Tuesday, October 2, 2012

Sandwich Rolls

(Upfront apology:  I dutifully took pictures of every step of these sandwiches, but my camera was on a scout camp out and my phone did not do such a good job.  I could post them here, but they would make you wish you had a new prescription in your glasses- or that you had glasses if you don't already.  I got a headache looking at them as I tried to insert them today.  Maybe I'll try again and use the real camera, but probably not.  Sorry.)

Last week I read about an very ingenious idea on Everydayfoodstorage.net- make sandwiches cinnamon roll style, bake and freeze them.  The kids just grab one (or two if they are teenage boys!), throw them frozen in their lunches, and they're ready to eat by lunch.  I don't know why I have never thought or heard of this before, but I tried them for dinner on both Friday and Saturday and my family loved them.  We had them 2 nights in a row because the first night I tried ham and cheese.  The second night I tried pizza.  Both were good and both were gone.

The members of my family are not huge mustard fans, so I did make a couple of changes from the recipe at Everydayfoodstorage.net.

First, I used the basic bread recipe from Fasteasybread.com because I'd used it before and it was familiar to me. I also knew I could substitute some of the white flour with wheat and it would work fine.  It makes 2 loaves worth of dough which I made into 24-30 sandwiches, depending on how thick I cut them.  I rolled one half on the dough at a time into about a 13" or 14" x 9" or 10" rectangle.

Second, instead of a honey mustard sauce, which no one would eat, I improvised a ranch flavored sauce from a chicken recipe I use.  First, I mixed up one can's worth of a food storage Cream of Chicken soup mix recipe that I have.  It makes 2 or 3 cups of powder.  I mixed 1/3 of a cup of powder with one cup of water, brought it to a boil and turned it off.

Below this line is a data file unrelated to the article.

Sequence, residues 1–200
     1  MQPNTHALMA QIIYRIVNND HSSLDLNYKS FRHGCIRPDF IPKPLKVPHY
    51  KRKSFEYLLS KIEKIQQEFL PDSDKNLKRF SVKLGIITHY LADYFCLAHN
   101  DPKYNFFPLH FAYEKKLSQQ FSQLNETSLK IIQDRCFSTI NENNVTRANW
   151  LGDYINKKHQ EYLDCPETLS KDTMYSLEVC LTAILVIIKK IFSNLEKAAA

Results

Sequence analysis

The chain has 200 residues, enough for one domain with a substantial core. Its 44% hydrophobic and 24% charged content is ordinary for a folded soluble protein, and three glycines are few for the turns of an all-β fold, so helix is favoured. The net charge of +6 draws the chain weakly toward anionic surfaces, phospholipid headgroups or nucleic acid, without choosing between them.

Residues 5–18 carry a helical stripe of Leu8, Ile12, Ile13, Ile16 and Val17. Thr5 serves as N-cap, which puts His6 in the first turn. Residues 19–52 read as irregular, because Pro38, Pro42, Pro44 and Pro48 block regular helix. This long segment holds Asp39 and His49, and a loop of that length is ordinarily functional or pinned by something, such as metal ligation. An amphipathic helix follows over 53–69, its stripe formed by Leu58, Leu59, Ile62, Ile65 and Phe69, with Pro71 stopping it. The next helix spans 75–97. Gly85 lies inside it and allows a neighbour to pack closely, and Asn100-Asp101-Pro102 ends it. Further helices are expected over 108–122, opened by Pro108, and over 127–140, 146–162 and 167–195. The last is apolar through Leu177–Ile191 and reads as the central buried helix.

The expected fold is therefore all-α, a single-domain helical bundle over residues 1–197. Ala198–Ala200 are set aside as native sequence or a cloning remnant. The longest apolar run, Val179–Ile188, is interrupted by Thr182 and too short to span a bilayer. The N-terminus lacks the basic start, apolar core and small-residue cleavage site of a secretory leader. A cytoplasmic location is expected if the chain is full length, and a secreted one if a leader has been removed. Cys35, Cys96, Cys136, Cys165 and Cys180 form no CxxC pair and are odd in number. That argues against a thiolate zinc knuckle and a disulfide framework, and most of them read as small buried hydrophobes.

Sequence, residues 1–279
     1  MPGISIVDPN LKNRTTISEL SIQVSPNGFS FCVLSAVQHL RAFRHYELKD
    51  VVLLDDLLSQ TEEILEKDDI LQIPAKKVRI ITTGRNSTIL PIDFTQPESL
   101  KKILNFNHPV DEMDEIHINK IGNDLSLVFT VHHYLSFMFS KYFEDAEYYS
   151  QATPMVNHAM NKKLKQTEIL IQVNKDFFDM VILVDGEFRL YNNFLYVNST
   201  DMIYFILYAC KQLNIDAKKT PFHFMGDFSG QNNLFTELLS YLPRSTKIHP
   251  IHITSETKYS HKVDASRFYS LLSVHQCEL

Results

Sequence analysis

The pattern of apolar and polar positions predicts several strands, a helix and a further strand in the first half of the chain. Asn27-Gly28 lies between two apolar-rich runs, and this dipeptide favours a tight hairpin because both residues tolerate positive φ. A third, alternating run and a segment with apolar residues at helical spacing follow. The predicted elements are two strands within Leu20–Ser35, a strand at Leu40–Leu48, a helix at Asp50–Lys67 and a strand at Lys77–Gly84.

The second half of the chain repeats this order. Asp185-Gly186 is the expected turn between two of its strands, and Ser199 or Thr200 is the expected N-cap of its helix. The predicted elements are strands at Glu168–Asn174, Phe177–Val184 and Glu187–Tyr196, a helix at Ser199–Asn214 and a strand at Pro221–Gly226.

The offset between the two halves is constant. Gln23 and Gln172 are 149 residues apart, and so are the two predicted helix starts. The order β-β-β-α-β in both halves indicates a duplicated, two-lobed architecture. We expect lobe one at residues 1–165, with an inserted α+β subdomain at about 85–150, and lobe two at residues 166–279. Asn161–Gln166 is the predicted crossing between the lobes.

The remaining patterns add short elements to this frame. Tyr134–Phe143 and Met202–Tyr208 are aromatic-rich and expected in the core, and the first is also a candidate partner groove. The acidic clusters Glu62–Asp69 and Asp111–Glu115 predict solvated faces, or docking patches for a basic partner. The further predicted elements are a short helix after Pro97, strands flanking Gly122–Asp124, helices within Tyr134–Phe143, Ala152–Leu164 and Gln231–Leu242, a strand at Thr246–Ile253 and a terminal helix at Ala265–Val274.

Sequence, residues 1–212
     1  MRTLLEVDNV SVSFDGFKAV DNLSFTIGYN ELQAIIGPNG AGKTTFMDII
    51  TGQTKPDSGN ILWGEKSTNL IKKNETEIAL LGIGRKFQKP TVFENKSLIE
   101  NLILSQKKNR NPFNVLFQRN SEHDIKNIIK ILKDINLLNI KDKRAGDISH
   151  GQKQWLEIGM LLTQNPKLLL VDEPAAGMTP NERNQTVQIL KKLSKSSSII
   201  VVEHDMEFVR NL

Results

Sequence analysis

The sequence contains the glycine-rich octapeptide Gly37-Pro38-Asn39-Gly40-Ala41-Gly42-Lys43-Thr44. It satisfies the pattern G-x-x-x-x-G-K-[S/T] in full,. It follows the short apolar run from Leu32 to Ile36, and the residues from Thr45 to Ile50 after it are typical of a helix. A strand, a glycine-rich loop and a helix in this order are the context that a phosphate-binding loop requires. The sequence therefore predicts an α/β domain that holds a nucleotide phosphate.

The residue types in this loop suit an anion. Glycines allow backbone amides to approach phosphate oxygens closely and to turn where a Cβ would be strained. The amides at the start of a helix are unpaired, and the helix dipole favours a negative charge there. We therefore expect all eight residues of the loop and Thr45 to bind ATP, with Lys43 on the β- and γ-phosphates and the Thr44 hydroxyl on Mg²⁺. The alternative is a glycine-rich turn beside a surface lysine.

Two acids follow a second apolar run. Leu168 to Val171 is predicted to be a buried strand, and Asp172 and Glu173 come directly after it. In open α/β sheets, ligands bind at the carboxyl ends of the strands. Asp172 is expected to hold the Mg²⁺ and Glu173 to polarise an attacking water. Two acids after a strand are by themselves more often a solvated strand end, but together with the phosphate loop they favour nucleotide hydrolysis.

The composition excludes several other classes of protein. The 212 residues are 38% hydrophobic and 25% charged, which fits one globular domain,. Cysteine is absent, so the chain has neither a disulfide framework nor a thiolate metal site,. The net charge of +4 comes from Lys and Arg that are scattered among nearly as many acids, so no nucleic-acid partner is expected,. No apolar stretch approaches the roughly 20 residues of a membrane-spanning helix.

Cream of Chicken soup mix
2 c. non-instant powdered milk
3/4 c. cornstarch
1/4 c. chicken bouillon (about 12 cubes smashed)
1/2 tsp. pepper
1 tsp parsley
1 tsp basil (optional)
1 tsp thyme (optional)

Mix 1/3 c powder with 1 1/2 c. water, bring to a boil while stirring.

For these sandwiches I only used 1 cup of water because I wanted it a bit thicker to spread.  You could probably use a can of cream of chicken soup, but I only had large ones on hand and didn't want to open one.

I mixed the soup with 4 oz. of cream cheese (reduced fat) and a teaspoon or so of ranch dressing powder for flavor and spread it on the dough.  This ended up making enough "sauce" for 3 batches of sandwiches (about 36 rolls).

Next I covered the dough with a single layer of ham lunch meat and covered it with shredded cheddar cheese.

Rolling like a cinnamon roll was easier than I expected and cutting them into 1 inch slices was WAY easier than cinnamon rolls.  Usually with cinnamon rolls I use dental floss.  These cut really well with a sharp knife.  When I made the pizza rolls I used cheese only, no meat.  Those were easier to cut with dental floss.

The recipe from everydayfoodstorage says to bake at 400 for 10 minutes on a greased cookie sheet or in greased muffin tins for more a more "gourmet" look.  I tried both ways and found the muffin tins made rolls that stuck together better and were a more uniform size.

I let the sandwiches cool for a little bit in the pans, then all the way on a cooling rack, wrapped each in plastic wrap, and tossed them in the freezer.  The boys all took them for lunch yesterday and I thawed one for several hours on the counter at home to see what it would be like.  Obviously, they are much better right out of the oven, but they tasted pretty good thawed from the freezer.  The boys all took them again today, so that's a good sign.

This gives us something easy and different for lunches, at least for a while.  Plus, they have less fat than mayo on sandwiches, use less meat and cheese than a regular sandwich, I can get some wholewheat into the lunch bag, and there's less cleanup from lunch-making in the morning.  Wonder what other combinations we could try.  Roast beef and mozzarella?  Maybe with a little pepper and onion in there?  Turkey?  We ought to have a few weeks worth of experimentation ahead of us!